top-halfs wardrobe

In The Folds – Collins Tops

sakijane - collins top

Like many of my readers, I grew up in the age of the internet. In middle school, I searched for Spice Girls fansites that annoyingly played MIDI tracks of Two Become One in the background and were hosted by Angelfire. I chatted with boys on Aol Instant Messenger, staying signed on for days at a time and carefully crafted my away messages with ~*`///tHeSE kINds oF SPaRkleS\\\`*~. I later kept an angsty teenage Xanga and used Myspace to find new music. When I lived in Japan for a year, it was my only gateway to my friends and their busy lives back home. It might be typical ’90’s kid stuff, but I don’t even remember what life was like before the internet.

I often think about what beautiful life things the internet has brought me; I actually met one of my best friends on an OKCupid date seven years ago (it was a double date of sorts and she was the partner of my date’s friend). We found we had a lot in common, became rock climbing buddies, and our friendship has only grown stronger through the years. Through her, I’ve met basically the entirety of my close community, and through them, my favorite human, John. If I hadn’t gone on that date, my life would be so different in so many ways. It’s really quite incredible how the internet can bring people together, and that it’s a phenomenon that’s existed no more than a few decades.

sakijane - collins top

sakijane - collins top

So, here’s another positive internet story; several months ago, Emily from In the Folds put out a call on her blog for somebody to shoot sew-alongs for her patterns. I had never shot a sew-along before, and to be honest, I had never made a pattern more than once either, but I jumped at the opportunity. After all, I love sewing and I love photography, and a freelancing gig that included both in the comfort of my own home sounded too good to be true.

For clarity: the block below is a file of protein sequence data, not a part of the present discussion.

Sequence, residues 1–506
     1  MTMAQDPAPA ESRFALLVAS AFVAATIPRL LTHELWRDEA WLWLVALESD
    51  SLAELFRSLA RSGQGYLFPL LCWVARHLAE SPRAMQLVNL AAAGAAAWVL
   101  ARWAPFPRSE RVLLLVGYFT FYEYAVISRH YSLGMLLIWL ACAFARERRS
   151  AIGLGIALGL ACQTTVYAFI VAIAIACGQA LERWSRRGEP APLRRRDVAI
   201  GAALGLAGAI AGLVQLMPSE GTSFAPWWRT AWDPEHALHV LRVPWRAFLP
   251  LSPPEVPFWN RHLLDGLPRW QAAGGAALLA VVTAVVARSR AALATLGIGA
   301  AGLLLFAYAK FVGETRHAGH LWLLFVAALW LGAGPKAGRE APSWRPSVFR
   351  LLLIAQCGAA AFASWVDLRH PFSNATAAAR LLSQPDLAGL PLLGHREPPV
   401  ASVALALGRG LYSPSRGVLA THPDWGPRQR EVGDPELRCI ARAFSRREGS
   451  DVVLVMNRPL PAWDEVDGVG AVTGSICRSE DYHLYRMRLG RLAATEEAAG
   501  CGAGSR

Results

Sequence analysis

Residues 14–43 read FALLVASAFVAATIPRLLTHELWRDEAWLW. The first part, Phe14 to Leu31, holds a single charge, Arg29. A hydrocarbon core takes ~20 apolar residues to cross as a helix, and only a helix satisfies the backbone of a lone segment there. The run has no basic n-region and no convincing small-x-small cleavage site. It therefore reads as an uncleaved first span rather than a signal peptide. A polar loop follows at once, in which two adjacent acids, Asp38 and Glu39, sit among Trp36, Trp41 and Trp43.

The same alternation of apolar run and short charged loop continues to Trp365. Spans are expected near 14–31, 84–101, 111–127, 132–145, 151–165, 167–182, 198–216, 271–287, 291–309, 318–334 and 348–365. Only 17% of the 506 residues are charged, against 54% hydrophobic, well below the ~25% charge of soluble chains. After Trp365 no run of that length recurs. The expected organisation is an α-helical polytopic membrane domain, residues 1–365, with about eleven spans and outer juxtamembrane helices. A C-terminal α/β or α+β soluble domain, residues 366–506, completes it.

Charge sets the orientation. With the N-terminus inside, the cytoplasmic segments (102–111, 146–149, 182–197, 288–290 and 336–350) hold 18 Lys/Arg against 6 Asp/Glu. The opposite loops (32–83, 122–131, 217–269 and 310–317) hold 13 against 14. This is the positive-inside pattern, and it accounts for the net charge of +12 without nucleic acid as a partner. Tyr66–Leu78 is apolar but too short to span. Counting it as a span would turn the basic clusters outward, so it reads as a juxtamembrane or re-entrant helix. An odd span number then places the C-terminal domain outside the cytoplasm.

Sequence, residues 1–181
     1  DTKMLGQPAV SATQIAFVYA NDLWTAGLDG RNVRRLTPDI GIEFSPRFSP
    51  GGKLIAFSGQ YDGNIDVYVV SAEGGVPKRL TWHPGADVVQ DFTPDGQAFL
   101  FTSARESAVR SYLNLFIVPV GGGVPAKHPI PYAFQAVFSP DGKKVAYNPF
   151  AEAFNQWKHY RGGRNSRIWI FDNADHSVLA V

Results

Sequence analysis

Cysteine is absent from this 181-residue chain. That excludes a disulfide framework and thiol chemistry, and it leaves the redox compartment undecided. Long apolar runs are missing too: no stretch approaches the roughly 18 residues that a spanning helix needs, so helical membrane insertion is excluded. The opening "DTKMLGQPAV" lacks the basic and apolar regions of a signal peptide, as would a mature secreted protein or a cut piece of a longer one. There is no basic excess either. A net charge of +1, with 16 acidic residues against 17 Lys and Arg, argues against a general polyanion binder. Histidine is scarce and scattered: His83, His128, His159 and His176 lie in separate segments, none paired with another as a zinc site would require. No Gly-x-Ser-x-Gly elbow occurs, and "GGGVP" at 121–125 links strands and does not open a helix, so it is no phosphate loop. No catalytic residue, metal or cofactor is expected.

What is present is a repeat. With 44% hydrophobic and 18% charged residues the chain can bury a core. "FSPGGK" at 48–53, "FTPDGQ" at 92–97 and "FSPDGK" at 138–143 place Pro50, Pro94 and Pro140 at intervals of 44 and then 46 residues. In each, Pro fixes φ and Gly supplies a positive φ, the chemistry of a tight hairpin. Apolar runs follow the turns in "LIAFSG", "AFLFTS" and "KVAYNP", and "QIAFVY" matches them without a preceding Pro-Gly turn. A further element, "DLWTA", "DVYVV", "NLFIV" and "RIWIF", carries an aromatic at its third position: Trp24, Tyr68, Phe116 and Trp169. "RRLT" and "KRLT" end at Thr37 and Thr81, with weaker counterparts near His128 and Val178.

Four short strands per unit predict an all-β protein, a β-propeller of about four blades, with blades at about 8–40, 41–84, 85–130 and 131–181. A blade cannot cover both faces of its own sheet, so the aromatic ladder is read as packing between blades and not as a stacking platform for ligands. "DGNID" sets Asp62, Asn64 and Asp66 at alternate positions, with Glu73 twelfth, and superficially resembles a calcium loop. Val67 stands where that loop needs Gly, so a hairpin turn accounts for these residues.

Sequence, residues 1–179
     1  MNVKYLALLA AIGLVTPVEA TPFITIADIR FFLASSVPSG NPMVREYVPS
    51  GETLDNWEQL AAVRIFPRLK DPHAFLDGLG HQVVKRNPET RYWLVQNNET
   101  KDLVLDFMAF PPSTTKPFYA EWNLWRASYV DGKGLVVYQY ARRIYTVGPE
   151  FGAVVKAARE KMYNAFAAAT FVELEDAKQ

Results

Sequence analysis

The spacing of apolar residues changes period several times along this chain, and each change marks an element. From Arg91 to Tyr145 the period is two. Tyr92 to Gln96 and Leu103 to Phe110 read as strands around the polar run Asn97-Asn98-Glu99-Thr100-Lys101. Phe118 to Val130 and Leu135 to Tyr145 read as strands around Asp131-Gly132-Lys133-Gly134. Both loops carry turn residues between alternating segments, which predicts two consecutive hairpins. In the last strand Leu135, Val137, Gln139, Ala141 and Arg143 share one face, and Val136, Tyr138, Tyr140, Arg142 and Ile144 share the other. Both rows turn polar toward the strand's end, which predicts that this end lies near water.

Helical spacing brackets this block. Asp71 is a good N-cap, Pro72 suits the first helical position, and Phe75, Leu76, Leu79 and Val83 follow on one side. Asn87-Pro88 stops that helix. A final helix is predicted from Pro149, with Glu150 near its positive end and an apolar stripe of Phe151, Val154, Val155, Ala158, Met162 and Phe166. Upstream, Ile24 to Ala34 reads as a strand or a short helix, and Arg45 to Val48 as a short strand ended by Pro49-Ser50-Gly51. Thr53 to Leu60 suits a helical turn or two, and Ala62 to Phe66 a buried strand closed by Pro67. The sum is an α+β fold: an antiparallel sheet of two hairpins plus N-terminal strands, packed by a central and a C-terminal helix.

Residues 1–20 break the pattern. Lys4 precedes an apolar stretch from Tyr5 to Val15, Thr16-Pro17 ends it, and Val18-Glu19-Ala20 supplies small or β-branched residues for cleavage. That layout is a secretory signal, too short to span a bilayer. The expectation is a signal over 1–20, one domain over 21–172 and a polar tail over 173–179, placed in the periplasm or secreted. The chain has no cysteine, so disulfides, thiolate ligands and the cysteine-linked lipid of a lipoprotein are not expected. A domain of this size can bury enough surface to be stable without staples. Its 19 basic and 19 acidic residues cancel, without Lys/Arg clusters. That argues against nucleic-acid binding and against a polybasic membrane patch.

Fortunately for me, it wasn’t. As it turns out, Emily had already gone through the process of remotely outsourcing certain tasks in her pattern development that she found uninspiring, and she found that it made it so much easier for her to focus her creative energy on what she loved: namely, the design, creation, and grading of her patterns. After Emily had finished her testing phases, we started the process of defining the ins, outs, and expectations of the finished product.

Since this was both of our first times working remotely on such a tangible product, there was a bit of a dance in figuring out how to make such a thing work, but in the end it flowed quite beautifully. Emily was really adamant that, while she needed the photographs to work for her in the sew-along, it was important for her that I wear and love the shirts I make. She ordered fabric that we both loved with the help of Karen from The Draper’s Daughter and had it shipped to my home in Germany. I then pre-washed, cut, sewed, photographed and processed the photos, and sent them off to her, and on my end, I ended up with these two beautiful shirts I’m showing you today.

And the finished product is what we see here! Errr… kind of. Because in a lot of ways, my finished product and Emily’s finished product are two separate things. The entire reason behind me creating both can be found on the In the Folds blog with the Collins Top sew-along; she was even kind enough to feature a little Q&A of yours truly before starting the photographed portion! But here you’ll find my finished product and processes, and the tops I now enthusiastically wear on a somewhat-weekly basis.

sakijane - collins top

As a disclaimer, while this post is neither sponsored nor affiliate, I did receive the pattern for free and compensation for both the raw materials and time that went into producing the garments and photos. However, all opinions are my own, and I’ve written this blog post on my own accord.

The Pattern: The Collins Top by In the Folds, views A & B
The Fabric: All fabric from The Draper’s Daughter c/o In The Folds
View A: Offset Warehouse Handwoven Striped Cotton & Robert Kaufman Railroad Denim